For large-scale carbon dioxide (CO2) injection and storage, saline formations offer vast storage capacity, often in multiple geologic formations, or multiple storage reservoir horizons within a single formation. Challenges for characterizing CO2 storage reservoirs in specific saline formations may include limited subsurface data, unproven geologic traps and lack of any production infrastructure available for injection and monitoring operations. Active oil fields offer advantages for CO2 sequestration in saline formations that address such challenges. Advantages of active oil fields include proven structural traps and reservoir seals; confirmed saline storage horizons; existing field data including geophysical well logs, seismic data, core data, formation water analyses and reservoir pressure tests; existing infrastructure for access and monitoring; and potential use of CO2 in enhanced oil recovery. Such advantages are substantial, but active oil fields can also present unique hurdles for CO2 storage in saline formations. These include old and incomplete well data and geophysical logs; confirming the integrity of cement through the saline formation and confining unit (if located above the oil reservoir); and remediating existing wells.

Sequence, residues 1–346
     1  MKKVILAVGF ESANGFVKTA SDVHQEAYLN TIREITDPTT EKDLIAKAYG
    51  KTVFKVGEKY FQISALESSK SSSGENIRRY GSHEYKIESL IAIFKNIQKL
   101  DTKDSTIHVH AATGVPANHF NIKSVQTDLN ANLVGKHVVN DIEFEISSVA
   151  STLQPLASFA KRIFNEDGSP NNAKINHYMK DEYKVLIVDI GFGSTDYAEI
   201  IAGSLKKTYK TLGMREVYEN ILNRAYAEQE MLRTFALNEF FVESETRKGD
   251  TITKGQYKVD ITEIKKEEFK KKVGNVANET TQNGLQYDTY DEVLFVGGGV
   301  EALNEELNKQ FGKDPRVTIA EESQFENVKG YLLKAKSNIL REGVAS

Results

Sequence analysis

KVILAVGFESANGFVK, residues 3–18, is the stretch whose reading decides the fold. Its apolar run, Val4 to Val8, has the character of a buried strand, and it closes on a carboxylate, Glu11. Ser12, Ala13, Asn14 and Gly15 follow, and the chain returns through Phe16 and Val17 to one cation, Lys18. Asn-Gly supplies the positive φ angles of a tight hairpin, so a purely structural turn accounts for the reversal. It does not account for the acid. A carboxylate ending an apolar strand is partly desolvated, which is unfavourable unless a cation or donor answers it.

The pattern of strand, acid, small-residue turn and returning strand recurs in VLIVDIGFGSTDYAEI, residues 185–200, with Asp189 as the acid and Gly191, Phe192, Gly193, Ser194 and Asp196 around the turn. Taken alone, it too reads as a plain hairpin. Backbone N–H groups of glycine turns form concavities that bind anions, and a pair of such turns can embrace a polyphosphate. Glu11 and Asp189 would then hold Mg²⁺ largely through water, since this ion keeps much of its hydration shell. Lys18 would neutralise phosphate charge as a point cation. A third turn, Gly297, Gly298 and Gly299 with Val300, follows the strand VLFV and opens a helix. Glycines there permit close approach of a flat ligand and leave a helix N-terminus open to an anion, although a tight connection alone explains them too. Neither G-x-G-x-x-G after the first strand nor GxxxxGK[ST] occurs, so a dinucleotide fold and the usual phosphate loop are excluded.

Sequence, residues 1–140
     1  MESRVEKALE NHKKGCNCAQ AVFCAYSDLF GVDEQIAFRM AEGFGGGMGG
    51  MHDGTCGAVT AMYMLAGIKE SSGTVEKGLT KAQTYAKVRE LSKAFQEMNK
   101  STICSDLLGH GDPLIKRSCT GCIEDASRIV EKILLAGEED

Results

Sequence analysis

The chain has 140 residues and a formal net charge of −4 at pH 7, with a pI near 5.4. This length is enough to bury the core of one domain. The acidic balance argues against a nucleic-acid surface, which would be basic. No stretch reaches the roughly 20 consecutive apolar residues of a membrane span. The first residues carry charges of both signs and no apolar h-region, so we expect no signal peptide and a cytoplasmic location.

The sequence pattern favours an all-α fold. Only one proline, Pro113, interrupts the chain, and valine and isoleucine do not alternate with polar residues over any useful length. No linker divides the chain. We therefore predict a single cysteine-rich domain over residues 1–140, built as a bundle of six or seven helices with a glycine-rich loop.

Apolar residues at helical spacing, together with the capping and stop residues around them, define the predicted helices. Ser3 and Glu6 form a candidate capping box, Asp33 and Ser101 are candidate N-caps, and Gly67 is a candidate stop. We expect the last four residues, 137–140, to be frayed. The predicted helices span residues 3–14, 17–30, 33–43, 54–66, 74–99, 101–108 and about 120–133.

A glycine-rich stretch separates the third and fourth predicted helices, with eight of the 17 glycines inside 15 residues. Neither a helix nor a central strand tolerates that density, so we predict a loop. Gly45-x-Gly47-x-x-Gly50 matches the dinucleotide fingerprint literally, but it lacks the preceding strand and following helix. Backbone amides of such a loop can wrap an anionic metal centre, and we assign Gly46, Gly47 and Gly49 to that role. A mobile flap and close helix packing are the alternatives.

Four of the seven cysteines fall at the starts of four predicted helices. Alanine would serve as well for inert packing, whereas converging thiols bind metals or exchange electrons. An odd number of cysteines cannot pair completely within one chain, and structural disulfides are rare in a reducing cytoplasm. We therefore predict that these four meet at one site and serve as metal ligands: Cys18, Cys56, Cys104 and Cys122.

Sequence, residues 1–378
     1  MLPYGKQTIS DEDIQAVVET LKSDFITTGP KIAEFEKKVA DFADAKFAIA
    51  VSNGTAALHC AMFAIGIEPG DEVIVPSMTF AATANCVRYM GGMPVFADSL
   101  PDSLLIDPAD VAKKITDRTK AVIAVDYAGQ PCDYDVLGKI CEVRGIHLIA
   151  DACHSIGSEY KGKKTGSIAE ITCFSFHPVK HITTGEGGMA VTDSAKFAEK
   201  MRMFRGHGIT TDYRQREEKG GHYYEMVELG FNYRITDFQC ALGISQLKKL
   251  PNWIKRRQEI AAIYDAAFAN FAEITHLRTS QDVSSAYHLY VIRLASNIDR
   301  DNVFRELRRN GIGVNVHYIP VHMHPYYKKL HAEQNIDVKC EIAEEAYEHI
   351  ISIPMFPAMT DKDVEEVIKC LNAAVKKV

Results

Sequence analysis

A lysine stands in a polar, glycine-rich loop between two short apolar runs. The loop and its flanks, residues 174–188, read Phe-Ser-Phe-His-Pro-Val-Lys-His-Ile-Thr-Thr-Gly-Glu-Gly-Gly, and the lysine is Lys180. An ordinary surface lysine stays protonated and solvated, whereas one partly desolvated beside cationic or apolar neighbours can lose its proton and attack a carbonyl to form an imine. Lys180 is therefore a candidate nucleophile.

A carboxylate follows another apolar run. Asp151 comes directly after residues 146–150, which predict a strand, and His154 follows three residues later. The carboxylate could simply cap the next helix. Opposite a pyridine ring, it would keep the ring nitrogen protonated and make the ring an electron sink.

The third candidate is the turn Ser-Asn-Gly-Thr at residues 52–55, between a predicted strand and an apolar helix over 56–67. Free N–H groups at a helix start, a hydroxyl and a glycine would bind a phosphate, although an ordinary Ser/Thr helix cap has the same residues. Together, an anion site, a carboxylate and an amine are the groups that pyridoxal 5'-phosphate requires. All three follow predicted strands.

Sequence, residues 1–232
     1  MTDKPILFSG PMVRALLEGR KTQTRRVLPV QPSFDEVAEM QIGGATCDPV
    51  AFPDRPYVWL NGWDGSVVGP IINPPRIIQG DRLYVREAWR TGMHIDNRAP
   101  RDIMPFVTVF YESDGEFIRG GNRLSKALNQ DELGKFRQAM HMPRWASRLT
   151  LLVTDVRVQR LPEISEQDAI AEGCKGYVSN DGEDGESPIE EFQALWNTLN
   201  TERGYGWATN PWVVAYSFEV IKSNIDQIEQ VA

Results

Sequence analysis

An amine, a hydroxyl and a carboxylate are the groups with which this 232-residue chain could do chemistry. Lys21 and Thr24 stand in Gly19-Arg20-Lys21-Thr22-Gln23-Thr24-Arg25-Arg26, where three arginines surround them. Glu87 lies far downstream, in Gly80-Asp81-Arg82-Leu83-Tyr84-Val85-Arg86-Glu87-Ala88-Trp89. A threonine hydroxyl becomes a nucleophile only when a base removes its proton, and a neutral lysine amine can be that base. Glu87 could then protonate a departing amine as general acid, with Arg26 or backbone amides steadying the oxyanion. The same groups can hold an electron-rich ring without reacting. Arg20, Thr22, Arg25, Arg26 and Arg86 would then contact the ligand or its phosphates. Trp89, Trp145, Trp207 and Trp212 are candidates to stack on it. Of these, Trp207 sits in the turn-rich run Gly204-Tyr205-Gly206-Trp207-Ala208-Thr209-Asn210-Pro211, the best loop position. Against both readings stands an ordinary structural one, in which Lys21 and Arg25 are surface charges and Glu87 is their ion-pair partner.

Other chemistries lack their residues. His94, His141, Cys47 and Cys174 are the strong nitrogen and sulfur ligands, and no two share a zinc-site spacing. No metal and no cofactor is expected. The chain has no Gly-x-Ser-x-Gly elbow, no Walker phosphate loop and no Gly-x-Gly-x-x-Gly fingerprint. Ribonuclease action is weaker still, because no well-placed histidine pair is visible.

The Southeast Regional Carbon Sequestration Partnership (SECARB) Phase III Anthropogenic Test is a large-scale demonstration of integrated CO2 capture, transport and storage planned for Citronelle field, in Mobile County, Alabama.1 Anthropogenic CO2 from a coal-fired electric generating plant, Alabama Power’s Plant Barry, will be captured and transported to Citronelle field.2 During 2011 to 2014, up to 182,500 tonnes of CO2 will be injected annually into the Lower Cretaceous Paluxy Formation, a saline formation that contains multiple reservoir sandstones and is located above the oil reservoir. This paper describes the initial characterization effort, which used all available field and regional data, to build a reservoir framework for the Paluxy Formation at Citronelle for initial assessment of injectivity, storage capacity and fate of injected CO2. The initial characterization of the Paluxy Formation demonstrates a successful approach for estimating key saline reservoir parameters including porosity, permeability, sand thickness and continuity from an incomplete existing data set in an active oil field. A robust geologic data collection effort is planned for the CO2 injection and observation wells to be drilled at the Anthropogenic Test site during 2011. The new data will be integrated with the existing Paluxy data set at Citronelle field to validate, refine and expand the initial characterization of the CO2 storage reservoir sandstones.